Thursday, November 29, 2007

Chess blog nostalgia

Via the wayback machine, we have access to chess blogs that are long dead. You don't get the whole blog, but at least you get a little taste. My two favorites are Patrick's Chess for Blood and Quandoman.

Funny Fritz

White to move (a position I reached in a game I just played as white):
Pretty much any move that doesn't give away the queen for nothing wins for white. I made a reasonable human move, Qf2+, forcing him to trade Queens, giving me an easily winnable endgame. Fritz, on the other hand, doesn't even rank that move in the top 20! Indeed, it says of that move 'Gets refuted' (and the "refuting" move is Qxf2+).

The lesson: Fritz doesn't play like a person, and Fritz doesn't like to simplify to an easily won endgame.

Note I'm not saying Qf2+ is theoretically best, but I like it because it involves the least amount of thought, follows the old saw "When ahead, make even exchanges, especially of Queens."

P.S. My play is better now that I've stopped worrying about ratings again. The cycle continues.

Tuesday, November 27, 2007

Testing liquid egg product's product

Thanks to Liquid Egg Product for telling us his hack into Chesspublisher's code so you can scroll the annotations on the right. Hopefully it works.

I don't think I handled this ungodly opening (white played 1. b4, I was black) all that well, but I definitely blew it in the middlegame. This was a tough loss largely due to positional blunders that set up tactical opportunities for my opponent. I totally blew it at one point as described in the annotations.

Monday, November 26, 2007

Horse latitudes

Being done with the Circles is weird....Drifting aimlessly...The honeymoon is over. I am somewhat planless, aimless. Plans for after the Circles that I had envisioned at the time don't appeal to me. Partly I just don't feel like working hard at chess right now like I did. Perhaps I need to follow my own advice and relax, not worry about it for a while. I don't want to burn out on chess. Luckily I'm not sick of chess, just sick of chess improvement. Or at least intense crazy chess improvement like the Circles.

I'm not as on fire in my games, likely because I am playing better players now that my rating is higher. Hopefully a chance to make new patterns of mistakes. Or it is because my tactical vision has dulled. My first 20 games after the Circles, I think I lost only one. I was just smokin'. Now my results are a bit more even.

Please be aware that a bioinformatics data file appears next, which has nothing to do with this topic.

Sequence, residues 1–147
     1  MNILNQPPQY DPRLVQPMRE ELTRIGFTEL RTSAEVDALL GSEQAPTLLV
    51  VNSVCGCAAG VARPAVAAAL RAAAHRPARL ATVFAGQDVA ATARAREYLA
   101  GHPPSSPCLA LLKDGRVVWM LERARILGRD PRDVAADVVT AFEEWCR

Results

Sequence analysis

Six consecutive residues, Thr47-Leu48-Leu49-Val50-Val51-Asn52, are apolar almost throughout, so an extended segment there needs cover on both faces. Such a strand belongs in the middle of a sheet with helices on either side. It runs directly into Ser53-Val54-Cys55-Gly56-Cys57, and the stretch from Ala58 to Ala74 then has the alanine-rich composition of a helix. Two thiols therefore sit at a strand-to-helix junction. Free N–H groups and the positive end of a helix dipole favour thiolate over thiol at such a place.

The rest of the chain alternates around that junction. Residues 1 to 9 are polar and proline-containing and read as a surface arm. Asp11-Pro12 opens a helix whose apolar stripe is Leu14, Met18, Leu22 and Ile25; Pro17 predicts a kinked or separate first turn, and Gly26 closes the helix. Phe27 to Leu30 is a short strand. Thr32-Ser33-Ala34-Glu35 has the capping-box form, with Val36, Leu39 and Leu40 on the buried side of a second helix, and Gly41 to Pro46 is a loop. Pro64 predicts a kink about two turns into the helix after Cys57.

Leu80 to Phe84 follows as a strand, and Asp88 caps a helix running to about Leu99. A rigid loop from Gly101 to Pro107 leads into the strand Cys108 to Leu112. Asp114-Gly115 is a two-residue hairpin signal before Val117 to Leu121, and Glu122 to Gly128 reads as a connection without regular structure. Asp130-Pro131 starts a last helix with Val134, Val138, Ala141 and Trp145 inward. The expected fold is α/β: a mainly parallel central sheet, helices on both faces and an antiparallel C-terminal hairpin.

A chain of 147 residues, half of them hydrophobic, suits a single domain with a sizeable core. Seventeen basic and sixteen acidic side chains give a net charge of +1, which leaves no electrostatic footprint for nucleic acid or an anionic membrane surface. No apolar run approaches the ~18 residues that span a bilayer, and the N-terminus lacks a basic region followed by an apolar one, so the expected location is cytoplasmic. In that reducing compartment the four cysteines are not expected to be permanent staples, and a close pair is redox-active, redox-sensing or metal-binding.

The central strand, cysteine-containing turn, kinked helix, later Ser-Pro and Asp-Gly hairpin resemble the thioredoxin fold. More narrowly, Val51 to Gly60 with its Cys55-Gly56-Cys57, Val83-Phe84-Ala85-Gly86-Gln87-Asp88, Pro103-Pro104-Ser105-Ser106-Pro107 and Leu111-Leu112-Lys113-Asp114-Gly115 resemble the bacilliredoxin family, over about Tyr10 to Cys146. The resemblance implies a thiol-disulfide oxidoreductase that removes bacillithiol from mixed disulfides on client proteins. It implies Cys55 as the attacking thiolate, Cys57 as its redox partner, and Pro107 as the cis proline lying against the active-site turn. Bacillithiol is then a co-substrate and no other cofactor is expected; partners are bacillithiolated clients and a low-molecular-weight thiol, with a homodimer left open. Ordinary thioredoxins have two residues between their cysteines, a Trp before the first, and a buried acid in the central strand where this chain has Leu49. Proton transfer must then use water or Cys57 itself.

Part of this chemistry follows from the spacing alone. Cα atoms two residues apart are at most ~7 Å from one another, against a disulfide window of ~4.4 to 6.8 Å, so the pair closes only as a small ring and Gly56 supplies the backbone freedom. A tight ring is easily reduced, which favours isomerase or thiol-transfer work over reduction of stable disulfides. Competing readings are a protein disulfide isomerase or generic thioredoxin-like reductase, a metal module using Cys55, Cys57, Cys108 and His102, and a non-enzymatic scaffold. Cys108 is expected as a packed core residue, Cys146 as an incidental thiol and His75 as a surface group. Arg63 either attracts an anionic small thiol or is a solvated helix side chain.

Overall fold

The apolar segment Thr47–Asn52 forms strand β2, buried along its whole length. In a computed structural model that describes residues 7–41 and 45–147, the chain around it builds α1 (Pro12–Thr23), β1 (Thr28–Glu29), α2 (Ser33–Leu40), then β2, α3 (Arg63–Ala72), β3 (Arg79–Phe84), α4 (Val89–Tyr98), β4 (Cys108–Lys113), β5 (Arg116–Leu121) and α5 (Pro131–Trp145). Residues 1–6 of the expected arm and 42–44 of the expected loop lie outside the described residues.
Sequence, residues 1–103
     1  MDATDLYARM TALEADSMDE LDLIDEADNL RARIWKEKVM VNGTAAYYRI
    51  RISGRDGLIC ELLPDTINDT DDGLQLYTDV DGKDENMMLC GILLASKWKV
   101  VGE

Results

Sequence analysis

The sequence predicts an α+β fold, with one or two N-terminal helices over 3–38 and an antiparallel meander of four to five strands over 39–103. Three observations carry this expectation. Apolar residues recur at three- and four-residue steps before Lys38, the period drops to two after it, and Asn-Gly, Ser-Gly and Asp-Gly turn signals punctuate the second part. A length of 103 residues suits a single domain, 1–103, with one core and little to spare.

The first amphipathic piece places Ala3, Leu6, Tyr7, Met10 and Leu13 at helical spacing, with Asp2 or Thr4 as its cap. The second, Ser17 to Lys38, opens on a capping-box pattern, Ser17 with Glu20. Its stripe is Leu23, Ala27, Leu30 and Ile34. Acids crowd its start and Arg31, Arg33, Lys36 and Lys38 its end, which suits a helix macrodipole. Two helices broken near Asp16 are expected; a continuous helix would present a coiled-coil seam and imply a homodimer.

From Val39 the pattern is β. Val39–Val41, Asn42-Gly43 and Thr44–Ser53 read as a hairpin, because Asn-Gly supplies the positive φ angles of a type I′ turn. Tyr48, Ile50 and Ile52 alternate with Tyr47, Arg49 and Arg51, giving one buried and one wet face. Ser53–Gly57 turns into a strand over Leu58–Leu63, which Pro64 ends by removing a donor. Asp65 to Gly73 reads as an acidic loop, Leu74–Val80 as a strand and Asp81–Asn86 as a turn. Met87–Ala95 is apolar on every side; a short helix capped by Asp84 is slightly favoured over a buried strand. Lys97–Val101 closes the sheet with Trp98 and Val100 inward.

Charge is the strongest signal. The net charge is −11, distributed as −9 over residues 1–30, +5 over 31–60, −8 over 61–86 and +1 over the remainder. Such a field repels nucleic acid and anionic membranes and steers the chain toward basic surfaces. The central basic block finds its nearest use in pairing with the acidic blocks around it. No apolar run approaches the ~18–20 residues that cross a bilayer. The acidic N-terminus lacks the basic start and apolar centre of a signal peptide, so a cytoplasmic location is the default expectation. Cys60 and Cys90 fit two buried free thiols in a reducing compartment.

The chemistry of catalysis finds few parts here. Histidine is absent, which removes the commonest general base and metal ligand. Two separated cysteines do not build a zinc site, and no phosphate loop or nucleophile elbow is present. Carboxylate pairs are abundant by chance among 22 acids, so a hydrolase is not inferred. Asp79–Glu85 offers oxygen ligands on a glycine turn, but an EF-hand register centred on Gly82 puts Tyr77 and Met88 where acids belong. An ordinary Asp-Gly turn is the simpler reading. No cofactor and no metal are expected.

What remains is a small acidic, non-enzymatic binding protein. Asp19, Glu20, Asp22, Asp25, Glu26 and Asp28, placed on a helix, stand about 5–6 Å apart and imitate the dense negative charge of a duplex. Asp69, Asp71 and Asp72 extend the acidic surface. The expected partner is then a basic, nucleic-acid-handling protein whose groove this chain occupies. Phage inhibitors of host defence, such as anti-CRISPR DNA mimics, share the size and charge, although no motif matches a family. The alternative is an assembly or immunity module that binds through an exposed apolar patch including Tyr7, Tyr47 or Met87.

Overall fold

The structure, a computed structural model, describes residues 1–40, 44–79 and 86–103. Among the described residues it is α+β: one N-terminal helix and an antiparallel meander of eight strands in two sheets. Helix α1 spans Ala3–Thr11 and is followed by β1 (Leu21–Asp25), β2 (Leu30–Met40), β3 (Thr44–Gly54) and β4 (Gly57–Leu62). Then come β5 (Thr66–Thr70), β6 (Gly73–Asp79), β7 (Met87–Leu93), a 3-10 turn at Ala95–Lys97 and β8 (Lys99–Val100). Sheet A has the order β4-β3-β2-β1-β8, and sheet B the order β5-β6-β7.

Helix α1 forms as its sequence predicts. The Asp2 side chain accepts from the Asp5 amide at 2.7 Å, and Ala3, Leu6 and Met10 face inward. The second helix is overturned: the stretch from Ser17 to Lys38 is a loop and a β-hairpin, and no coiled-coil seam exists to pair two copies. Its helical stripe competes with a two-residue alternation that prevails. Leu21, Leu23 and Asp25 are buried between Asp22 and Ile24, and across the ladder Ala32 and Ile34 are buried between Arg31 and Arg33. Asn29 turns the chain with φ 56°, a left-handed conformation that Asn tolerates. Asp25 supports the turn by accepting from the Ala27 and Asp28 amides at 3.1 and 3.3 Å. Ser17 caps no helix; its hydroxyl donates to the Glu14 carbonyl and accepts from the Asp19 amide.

I am working on visualization using Snyder's Unbeatable chess lessons for juniors. It is a very pleasant and helpful move-by-move annotated game collection with diagrams every four ply, give or take two. I cover up the next diagram, follow the moves from the previous, and visualize how the board should look. I then compare my vision to the actual board.

(Incidentally, there are few books with enough diagrams so I can follow along without a board like this. Any suggestions (the only other one I have that is good for following along without a board is Pandolfini's Russian Chess)? More than 8 ply and it starts to become useless, so any books with 6-8 ply per diagram is ideal.)

I have been doing PCT tactics and strategy modules to help me stay sharp and learn some strategy. It's like I got so comfortable doing computer puzzles doing the Circles, it feels like I'm selling my soul when I don't do it. So I go along doing them like a zombie.

I'd really like to get a coach again, but can't afford more than 20 bucks a lesson. Anyone know of any good ICC coaches that are in that range?

Where am I? Who am I? Is that a candy bar? Cool. I think I'll eat it. I think the advice to follow my own advice (link above) is very good. I'll eat that too. Maybe it's OK that I'm improving buffet style for now, just doing whatever the fuck I want, sometimes nothing. Usually a game or some such. That may be enough for now.

Wednesday, November 21, 2007

Tactics: space, time, or spacetime?

Recently as I've been playing gambits and attacking more and becoming less materialistic, the dimensions of time and its cousin activity have become forefront in my mind. This post offers a different (for me) spin on tactics. My argument will be that we can view tactics as moves that will gain material unless your opponent is given extra moves (i.e., given extra tempi or time). As I'll explain, this focus on time seems a useful complement to the usual space-centered approach. In the end I try to fuse the spatial and temporal aspects of tactics....

Beware the following is somewhat theoretical. I'll be the first to admit it may not be useful to many people. However, I'm not guaranteeing it is not useful, so you might read on.